Bring back the glory years


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  • Wednesday, 07 Jan 2015

Popular event: A file picture of winners of the Gombak District Sports Schools Badminton meet last year.

I am extremely happy and proud to write my first ever article in The Star, especially about something close to my heart – sports.

I see a lot of potential in schoolchildren all the time since becoming a teacher in 1986. I make sure I am always guiding them either in football, badminton, athletics or kabaddi for the last 28 years in various levels of competition. There are many teachers like me who are passionate about sport throughout the country. I am sure readers know, or at least have read about teachers who go out of their way in guiding students under their care in various sports and games.

Sports enthusiasts in the Klang Valley would surely remember the names of teachers who made their school proud and famous. Victoria Institution was famous for cricket, rugby and football, St John’s Institution for football, SMK Melawati for athletics, SMK Kepong for badminton, and the list goes on. The question is — how did that happen? Perhaps another follow–up question will be — Are the schools still maintaining their prowess in their sports?

Let’s discuss the first question. A particular school can only produce talented young sportsmen and sportswomen only if there is a good set-up in that school. Specifically, a passionate and motivated teacher would definitely be there to initiate and implement effective programmes for that sport. Of course, other factors such as good administrators, good infrastructure, good support from parents and students together with enough funding play a significant role.

However, I strongly believe the will of a motivated teacher plays a pivotal role in the school’s success. We have witnessed that some schools with good infrastructure in sports such as Integrated Schools (Sekolah Berasrama Penuh Integrasi) and technical schools never really shine in sports or games.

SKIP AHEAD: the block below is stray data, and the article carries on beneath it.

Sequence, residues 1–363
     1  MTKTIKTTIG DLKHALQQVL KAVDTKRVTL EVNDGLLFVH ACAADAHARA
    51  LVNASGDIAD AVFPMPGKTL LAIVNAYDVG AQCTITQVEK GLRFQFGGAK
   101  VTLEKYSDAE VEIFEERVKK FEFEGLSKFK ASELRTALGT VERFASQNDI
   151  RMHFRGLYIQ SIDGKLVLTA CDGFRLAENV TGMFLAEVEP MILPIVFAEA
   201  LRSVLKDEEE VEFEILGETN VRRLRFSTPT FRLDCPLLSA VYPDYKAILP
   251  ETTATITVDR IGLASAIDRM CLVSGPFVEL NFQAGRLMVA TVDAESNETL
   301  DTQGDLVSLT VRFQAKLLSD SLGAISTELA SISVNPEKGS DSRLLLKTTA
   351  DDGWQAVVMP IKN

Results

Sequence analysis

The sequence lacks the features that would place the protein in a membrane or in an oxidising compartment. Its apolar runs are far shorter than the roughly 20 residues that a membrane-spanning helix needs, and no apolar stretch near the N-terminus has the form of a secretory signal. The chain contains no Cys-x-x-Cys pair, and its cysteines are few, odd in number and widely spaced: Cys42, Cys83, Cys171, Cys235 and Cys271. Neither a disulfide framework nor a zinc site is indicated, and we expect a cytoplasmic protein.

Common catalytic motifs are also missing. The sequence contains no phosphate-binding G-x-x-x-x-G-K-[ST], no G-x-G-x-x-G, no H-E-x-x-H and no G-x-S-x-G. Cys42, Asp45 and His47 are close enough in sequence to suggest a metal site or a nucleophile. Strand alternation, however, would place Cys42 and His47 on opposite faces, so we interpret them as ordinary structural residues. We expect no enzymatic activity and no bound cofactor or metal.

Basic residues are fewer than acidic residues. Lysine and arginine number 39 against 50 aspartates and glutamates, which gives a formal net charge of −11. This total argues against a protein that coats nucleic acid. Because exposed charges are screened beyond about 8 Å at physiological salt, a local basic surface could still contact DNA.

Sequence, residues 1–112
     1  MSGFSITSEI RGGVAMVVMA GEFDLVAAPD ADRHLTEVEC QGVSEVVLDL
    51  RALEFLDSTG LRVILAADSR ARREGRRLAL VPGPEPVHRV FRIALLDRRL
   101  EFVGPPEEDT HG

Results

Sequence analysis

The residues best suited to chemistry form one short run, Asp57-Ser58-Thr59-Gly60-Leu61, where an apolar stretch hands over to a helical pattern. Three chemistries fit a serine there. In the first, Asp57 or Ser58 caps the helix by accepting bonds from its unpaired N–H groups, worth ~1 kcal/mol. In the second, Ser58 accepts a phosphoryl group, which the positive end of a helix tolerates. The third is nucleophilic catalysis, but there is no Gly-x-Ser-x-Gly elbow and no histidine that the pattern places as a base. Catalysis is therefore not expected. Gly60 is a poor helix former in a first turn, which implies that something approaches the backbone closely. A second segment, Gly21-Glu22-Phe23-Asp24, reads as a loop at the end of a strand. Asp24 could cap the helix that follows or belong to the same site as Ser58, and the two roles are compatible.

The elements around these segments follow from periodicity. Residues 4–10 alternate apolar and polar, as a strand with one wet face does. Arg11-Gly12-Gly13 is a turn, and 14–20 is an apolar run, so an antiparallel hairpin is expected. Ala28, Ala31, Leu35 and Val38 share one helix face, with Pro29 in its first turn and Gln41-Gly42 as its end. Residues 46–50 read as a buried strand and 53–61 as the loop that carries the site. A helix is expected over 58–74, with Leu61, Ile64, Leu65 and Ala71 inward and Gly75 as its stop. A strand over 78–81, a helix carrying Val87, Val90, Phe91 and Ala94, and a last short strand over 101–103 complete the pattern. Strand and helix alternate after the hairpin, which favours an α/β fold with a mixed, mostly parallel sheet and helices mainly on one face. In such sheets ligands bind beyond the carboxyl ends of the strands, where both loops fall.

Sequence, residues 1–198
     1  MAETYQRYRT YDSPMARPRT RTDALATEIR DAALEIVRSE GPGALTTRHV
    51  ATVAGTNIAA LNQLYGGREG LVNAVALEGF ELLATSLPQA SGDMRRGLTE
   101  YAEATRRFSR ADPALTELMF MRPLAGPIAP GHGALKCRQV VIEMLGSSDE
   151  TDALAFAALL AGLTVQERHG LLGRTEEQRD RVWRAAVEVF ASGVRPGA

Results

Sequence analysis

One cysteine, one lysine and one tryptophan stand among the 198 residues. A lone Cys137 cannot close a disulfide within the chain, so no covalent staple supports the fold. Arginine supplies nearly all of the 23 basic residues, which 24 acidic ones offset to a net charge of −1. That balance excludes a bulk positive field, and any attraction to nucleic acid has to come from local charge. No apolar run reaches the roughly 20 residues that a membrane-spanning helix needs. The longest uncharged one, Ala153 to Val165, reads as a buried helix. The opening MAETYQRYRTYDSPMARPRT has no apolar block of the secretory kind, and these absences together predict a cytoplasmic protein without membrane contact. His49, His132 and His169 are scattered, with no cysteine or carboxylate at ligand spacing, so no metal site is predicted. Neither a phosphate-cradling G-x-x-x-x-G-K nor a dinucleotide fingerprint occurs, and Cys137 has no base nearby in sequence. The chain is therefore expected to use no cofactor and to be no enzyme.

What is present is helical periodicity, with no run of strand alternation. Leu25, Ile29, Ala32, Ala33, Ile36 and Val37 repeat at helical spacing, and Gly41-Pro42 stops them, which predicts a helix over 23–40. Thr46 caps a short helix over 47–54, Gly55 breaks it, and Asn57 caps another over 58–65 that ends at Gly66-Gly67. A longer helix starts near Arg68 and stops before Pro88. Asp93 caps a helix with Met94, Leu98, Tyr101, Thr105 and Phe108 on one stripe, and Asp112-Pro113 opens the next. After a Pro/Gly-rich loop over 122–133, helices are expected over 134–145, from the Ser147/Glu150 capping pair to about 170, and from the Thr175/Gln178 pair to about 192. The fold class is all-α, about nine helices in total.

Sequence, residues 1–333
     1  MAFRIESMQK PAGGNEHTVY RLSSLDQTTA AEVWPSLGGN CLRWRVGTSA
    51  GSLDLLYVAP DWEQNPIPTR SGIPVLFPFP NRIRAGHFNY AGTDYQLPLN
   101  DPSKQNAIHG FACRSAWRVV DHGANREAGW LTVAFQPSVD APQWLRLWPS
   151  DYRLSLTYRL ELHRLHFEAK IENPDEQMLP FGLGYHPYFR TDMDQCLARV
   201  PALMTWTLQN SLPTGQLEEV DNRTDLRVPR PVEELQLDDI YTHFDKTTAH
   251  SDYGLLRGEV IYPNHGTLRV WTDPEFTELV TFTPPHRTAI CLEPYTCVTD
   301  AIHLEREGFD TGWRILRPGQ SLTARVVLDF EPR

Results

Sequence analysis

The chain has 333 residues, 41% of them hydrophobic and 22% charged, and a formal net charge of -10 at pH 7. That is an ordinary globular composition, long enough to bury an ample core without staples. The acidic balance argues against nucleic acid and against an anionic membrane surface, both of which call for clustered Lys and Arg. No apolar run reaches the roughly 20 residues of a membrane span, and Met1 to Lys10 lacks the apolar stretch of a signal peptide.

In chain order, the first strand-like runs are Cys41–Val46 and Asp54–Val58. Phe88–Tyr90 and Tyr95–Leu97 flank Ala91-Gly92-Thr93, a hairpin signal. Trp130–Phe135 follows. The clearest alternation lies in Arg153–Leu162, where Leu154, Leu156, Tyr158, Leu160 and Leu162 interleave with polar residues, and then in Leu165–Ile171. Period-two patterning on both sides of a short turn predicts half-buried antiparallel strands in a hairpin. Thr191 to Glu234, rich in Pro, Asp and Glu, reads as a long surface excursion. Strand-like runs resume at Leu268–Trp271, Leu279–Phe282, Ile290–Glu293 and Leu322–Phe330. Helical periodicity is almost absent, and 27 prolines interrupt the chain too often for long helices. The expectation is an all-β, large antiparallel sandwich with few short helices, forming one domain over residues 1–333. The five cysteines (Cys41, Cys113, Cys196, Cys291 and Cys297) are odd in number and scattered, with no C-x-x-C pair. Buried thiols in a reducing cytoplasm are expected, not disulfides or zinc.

We also have seen schools without proper infrastructure and enough funding, excel in sports. Why is it so? The most probable answer would be – the teacher in that school.

The majority of us have known a particular teacher doing ‘crazy’ things to be able to bring up his or her school team.

The ‘crazy’ things include seven-day training sessions in a week, funding from his or her own pocket and innovating new strategies to overcome shortages in infrastructure of his or her school.

Only with this kind of teachers can the schools do well and move on to greater heights. That is my belief.

Personally, I know some of them. Cikgu Phang from SMK Taman Melawati has been coaching and guiding his students in athletics for the past 15 years at least. His continued efforts has brought many talented athletes who had represented the district and state teams. The funny thing is he never gets tired! I know he gets a lot of stick from the administrators but he prevails by producing good athletes.